In 1704, Isaac Newton predicted the end of the world. He said it would end in 2060 or sometime around or after that “but not before.” He based this on some strange series of mathematical calculations based on the supposed prophecies of the book of Revelation.

You might find it surprising that this astronomer and physicist would be doing predictions based on the Bible, but Newton (who also dabbled in alchemy) believed his most important discoveries might come from deciphering ancient scriptures and uncovering the nature of the Christian religion.

300 years later, people are still predicting the end of the world. Some of them are still using codes and clues they find in the Bible. I believe in science, and the two worlds of research don’t usually overlap.

For about 50 years, some industrialists and scientists with money who are known as the Club of Rome have been looking into conspiracies and the end of the world. They latched on to a computer program developed at MIT back in 1973 that was developed to model global sustainability. But instead, the program predicted that by 2040 our civilization would end.

Why should we believe the computer program? Well, some people would say because what the computer envisioned in the 1970s has by and large been coming true.

The program was called World One because it looked at the world as one system. It looked at manmade behaviors starting in 1900 and modeled where that behavior would lead.

The computer’s predictions are not pleasant. End-of-world predictions usually are bad. It predicted worsening population growth and pollution levels and dwindling natural resources.

By 2020, the model predicts that we pass the point of no return and the quality of life is supposed to drop dramatically.

The Club of Rome issued a somewhat hopeful report on the limits of growth.  It was hopeful in that it suggested that if some nations like the U.S. cut back on consuming the world’s resources it would lead to “low consumption prestige” for acting responsibly. That has not come to be.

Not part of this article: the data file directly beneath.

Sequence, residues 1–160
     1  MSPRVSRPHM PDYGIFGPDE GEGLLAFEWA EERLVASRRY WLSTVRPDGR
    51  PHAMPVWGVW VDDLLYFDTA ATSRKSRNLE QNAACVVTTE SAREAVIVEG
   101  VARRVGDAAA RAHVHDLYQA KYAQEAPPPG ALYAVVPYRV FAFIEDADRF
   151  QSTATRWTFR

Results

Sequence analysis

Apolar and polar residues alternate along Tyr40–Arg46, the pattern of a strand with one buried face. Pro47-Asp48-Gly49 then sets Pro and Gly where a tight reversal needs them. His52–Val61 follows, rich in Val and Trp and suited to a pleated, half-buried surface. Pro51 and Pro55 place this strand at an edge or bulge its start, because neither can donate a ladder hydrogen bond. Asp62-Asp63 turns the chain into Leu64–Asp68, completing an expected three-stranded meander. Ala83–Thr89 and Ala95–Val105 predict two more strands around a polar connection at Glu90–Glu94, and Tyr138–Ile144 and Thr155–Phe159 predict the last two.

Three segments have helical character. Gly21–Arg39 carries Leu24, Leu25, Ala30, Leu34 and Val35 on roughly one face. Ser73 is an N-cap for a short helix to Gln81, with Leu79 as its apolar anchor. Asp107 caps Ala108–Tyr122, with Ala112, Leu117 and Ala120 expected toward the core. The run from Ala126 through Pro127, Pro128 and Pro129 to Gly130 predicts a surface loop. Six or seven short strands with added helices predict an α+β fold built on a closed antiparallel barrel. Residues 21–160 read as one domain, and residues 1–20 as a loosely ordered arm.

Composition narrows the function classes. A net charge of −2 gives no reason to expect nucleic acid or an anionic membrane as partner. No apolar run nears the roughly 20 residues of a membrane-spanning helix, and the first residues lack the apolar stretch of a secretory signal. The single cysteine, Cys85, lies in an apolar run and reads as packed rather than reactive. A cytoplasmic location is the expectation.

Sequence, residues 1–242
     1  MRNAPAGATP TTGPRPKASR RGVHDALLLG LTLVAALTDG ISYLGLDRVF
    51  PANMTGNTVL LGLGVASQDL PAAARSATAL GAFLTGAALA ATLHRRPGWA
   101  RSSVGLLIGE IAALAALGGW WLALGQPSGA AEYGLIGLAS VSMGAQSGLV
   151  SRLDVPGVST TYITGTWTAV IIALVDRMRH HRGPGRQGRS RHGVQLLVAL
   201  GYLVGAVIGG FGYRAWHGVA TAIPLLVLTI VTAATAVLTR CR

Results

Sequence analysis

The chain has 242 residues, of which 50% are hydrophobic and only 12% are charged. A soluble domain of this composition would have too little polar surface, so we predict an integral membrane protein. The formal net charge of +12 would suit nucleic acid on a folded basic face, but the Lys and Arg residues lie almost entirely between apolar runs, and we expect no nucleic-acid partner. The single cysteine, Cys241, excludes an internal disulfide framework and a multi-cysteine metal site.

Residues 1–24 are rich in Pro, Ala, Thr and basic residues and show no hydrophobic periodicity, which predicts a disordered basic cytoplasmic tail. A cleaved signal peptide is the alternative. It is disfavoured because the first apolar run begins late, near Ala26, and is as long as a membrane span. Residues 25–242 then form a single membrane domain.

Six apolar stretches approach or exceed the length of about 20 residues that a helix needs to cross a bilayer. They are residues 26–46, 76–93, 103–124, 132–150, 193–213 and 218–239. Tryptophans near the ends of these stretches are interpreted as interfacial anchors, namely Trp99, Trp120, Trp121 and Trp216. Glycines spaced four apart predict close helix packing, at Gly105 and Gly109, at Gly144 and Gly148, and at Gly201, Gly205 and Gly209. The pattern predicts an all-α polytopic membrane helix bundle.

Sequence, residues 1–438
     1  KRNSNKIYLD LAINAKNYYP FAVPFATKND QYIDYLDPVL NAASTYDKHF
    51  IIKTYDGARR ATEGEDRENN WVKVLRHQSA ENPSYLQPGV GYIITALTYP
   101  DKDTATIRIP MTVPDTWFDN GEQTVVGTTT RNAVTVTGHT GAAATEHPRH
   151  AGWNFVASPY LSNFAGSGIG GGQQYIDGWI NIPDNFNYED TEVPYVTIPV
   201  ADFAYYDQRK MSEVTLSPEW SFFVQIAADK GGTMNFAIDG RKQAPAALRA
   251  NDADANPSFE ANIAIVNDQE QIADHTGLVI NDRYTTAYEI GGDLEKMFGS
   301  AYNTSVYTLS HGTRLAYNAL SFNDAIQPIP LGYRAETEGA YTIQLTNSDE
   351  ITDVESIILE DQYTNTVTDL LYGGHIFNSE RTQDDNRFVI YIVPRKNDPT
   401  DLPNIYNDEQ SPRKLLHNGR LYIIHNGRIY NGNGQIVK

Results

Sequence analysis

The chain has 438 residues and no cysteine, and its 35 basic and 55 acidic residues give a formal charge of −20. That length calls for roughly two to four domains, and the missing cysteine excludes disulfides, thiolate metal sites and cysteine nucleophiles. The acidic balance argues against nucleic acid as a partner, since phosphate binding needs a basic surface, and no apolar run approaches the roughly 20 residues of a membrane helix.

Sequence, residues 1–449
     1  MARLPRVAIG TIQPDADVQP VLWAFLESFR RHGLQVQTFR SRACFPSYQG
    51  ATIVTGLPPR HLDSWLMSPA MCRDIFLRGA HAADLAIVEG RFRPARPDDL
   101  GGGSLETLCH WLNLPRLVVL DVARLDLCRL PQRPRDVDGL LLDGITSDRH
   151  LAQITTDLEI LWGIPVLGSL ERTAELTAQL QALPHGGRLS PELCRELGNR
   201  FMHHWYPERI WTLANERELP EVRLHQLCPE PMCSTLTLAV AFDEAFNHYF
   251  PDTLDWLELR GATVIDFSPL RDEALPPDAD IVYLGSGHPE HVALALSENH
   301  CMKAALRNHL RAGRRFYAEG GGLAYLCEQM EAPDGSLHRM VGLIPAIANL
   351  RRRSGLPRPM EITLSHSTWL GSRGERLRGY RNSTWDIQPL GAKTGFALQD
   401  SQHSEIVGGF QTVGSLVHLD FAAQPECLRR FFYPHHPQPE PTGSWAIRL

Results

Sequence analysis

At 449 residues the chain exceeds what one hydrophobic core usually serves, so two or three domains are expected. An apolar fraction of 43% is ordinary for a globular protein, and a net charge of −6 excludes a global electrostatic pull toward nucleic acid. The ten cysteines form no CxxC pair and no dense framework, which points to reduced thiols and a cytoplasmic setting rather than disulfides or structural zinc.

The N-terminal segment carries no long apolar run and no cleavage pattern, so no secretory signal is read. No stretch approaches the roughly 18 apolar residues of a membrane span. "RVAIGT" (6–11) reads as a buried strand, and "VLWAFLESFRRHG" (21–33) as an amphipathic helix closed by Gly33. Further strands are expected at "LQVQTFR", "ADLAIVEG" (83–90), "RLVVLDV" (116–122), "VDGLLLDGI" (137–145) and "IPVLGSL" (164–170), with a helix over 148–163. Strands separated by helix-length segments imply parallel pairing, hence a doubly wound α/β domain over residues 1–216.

According to data from the World Health Organization (WHO), 90% of the people around the world breathe air that has high levels of pollution. WHO estimates that 7 million deaths each year can be attributed to pollution.

If I had been asked to make a prediction back in the 1970s about where we would be in fifty years, I would also have predicted – without the help of a computer – that there would be worsening population growth and higher pollution levels and dwindling natural resources.

I learned about Robert Malthus in high school. Back in 1798, he predicted what has become known as a Malthusian catastrophe. It is a prediction that population growth will outpace agricultural production and that there will be too many people and not enough food. I would add water to that prediction. Although Malthus is known for his influence in the fields of political economy and demography, he was also an Anglican cleric and he saw this catastrophe as divinely imposed to teach virtuous behaviour.

Though I will stay on the side of science, consider what Jesus said (according to Matthew 24:35-36): “Heaven and earth shall pass away, but my words shall not pass away. But of that day and hour knoweth no man, no, not the angels of heaven, but my Father only.”

That hasn’t stopped predictions about the end of our world from first century CE Early Christianity predicting a Second Coming in that time, to a half-dozen crackpot dates in 2018 that were supposed to be The End.

We are still here. I can sleep more peacefully with the prediction that it will all end in the 200 millionth century (20 billion years from now). Based on the current rate of expansion of the universe, by then the universe could be expanding so rapidly that atoms will no longer be able to hold on to their electrons. This predicted event is known as the “Big Rip.” I blame dark energy.